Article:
Do you still think it’s important to see the film on a big screen and have the communal cinema experience?

The thing about horror movies that you don’t get in any other genre, is the audience interacting and engaging with the screen and effectively engaging with each other whilst they’re experience it and that’s kind of remarkable. You don’t get it in sci-fi; you get it in comedy because everyone is laughing but there’s something about being scared and terrified with a group of people when you’re in no danger whatsoever that’s quite thrilling for people and you won’t really get that in your living room. Horror lends itself to a unique cinematic experience.

The film distribution model is obviously changing with the rise of streaming, but would you prefer this film find an audience in the cinema?

I want it to find an audience and I would love it to have a cinematic life. What is important to me is that it’s seen and that it’s seen by horror fans and if they access that through cinema then that’s really brilliant for everybody. However if they access it through Blu-ray or download, or Netflix then that’s the way of it. Times are changing; I accept that. What’s most important is that the audience is actually found and that they enjoy it, regardless of where they are. I sincerely believe that the likes of Netflix provides a bigger audience than you could possibly achieve through cinema; you’re talking literally tens of millions. If you access tens of millions of people through cinema then you’re going to have one of the biggest hits ever. These online resources provide a remarkable platform to access a wider audience.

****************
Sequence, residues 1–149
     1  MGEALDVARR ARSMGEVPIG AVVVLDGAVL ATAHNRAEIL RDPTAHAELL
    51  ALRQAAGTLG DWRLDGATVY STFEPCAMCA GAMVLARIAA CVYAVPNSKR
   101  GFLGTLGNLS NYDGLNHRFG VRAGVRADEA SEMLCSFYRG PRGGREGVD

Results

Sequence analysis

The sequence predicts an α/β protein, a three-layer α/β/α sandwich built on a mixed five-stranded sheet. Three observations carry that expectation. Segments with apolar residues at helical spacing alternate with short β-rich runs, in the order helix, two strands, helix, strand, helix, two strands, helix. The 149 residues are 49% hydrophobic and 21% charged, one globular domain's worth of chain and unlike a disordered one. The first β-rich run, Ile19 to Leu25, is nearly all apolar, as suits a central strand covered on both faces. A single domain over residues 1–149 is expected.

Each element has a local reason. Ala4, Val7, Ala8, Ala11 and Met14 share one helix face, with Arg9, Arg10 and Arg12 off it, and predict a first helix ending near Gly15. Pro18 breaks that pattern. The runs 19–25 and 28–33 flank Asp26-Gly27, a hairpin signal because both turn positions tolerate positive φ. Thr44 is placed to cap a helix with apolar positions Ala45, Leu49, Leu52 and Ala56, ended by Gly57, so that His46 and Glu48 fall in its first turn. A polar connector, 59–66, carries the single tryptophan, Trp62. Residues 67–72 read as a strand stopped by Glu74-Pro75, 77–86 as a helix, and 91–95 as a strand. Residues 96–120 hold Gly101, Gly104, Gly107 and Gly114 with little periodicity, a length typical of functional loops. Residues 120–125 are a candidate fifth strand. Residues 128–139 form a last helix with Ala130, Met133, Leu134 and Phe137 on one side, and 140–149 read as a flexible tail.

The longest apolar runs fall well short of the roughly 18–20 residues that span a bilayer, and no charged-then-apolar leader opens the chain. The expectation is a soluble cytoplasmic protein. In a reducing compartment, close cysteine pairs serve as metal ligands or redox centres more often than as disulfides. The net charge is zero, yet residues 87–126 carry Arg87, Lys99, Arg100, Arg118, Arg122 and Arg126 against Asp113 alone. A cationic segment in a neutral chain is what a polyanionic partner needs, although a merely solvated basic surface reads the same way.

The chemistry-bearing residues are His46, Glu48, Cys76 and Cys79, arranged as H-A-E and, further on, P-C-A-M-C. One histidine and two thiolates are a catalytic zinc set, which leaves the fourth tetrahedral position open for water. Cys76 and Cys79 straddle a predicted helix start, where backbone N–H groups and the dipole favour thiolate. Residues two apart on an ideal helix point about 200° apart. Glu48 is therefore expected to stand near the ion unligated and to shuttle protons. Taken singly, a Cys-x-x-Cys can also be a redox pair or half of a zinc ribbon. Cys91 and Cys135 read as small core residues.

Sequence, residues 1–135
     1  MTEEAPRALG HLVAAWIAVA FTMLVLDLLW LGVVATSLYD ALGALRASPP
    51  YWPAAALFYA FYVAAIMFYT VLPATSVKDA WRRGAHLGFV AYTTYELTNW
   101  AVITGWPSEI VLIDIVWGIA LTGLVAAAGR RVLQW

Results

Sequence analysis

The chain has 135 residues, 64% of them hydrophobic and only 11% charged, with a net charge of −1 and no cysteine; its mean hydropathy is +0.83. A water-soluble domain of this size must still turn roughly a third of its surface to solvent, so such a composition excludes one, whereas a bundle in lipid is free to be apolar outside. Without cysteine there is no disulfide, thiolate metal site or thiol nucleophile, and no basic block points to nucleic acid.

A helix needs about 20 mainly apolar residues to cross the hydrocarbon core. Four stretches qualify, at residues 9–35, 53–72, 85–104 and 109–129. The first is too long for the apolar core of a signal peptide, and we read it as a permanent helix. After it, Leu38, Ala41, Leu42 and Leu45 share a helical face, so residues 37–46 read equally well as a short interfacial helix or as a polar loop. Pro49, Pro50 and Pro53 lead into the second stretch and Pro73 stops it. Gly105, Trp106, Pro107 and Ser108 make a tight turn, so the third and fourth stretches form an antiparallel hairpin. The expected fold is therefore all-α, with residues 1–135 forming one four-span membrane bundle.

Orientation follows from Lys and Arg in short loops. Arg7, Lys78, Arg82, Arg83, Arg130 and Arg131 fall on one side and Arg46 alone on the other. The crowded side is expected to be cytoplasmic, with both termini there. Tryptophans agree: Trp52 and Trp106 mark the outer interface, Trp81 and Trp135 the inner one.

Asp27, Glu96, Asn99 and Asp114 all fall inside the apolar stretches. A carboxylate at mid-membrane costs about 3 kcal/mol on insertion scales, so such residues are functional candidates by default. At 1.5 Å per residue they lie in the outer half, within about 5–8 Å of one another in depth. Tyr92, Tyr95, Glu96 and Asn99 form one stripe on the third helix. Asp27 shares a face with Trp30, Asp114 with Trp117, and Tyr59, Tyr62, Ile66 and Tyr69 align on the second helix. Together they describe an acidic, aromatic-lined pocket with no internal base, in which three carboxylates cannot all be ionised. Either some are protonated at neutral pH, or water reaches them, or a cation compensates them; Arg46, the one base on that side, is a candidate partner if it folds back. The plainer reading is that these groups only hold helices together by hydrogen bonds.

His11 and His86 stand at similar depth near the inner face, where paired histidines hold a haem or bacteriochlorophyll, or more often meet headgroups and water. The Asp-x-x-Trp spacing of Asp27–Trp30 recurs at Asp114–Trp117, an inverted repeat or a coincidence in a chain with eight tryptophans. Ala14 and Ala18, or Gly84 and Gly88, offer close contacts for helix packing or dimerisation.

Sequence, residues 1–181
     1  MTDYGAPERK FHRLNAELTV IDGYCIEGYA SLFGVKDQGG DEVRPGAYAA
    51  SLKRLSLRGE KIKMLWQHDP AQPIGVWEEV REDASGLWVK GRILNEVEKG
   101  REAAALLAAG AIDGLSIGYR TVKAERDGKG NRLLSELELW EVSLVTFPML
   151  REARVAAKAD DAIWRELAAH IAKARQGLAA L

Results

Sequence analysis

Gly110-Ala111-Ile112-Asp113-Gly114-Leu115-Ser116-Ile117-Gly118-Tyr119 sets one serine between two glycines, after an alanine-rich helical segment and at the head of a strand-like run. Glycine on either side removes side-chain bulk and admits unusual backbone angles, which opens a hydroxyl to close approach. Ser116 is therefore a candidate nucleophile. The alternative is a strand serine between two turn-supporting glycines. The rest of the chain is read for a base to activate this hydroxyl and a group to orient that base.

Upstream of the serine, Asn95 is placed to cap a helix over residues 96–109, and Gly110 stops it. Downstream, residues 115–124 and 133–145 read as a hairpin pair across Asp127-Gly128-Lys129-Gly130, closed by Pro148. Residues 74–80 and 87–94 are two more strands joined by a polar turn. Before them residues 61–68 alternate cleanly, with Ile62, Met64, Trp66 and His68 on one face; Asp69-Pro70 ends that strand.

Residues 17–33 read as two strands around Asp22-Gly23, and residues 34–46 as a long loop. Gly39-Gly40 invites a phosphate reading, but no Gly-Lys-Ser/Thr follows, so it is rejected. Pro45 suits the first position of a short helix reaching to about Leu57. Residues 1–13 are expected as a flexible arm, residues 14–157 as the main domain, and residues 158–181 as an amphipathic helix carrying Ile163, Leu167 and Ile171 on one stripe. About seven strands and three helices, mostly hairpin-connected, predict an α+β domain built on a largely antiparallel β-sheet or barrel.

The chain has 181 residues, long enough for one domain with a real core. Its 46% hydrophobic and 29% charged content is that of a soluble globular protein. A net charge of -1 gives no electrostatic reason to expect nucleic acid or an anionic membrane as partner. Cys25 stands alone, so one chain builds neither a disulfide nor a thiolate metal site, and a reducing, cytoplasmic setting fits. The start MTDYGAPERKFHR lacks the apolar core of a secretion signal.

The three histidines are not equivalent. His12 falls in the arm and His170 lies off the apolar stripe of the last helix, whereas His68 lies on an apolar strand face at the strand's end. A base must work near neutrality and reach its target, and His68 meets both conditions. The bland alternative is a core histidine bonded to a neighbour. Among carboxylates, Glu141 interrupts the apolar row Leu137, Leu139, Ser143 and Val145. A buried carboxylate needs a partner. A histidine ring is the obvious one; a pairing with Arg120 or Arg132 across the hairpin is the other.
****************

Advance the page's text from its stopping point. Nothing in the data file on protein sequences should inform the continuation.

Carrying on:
What else have you got in the works right now?

Bizarrely I’ve got quite a few bits and pieces. Any first time director will say the same thing. When you’re trying to get your first film made you’ve got loads of ideas and one of them then gets going. I’m working on a ghost story at the moment called The Lost Station, which we’re working on the screenplay for. I’ve written a screenplay for an extended version of one of my short films called Crossing Salween which is set in Burma about a young child having survived a massacre by the military junta, and she’s trying to escape to Thailand. I also have a Spaghetti Western horror movie that I’m developing that I’d like to do. Also as a result of this film I’ve been approached about a number of other of action-horror related projects that I’m interested in. So it seems that it takes you a decade to get your first movie made but all things being equal and with a little bit of luck, the second one might come slightly quicker than that.

Let Us Prey is available now on VOD, DVD & Blu-ray